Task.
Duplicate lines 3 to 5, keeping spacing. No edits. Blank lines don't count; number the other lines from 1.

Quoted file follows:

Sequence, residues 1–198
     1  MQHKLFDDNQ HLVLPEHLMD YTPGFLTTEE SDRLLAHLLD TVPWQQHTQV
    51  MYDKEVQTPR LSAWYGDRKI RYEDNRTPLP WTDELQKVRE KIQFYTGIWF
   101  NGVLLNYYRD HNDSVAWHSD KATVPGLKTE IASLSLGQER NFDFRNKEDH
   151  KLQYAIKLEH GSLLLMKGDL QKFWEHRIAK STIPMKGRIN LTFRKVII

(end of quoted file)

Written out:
    51  MYDKEVQTPR LSAWYGDRKI RYEDNRTPLP WTDELQKVRE KIQFYTGIWF
   101  NGVLLNYYRD HNDSVAWHSD KATVPGLKTE IASLSLGQER NFDFRNKEDH
   151  KLQYAIKLEH GSLLLMKGDL QKFWEHRIAK STIPMKGRIN LTFRKVII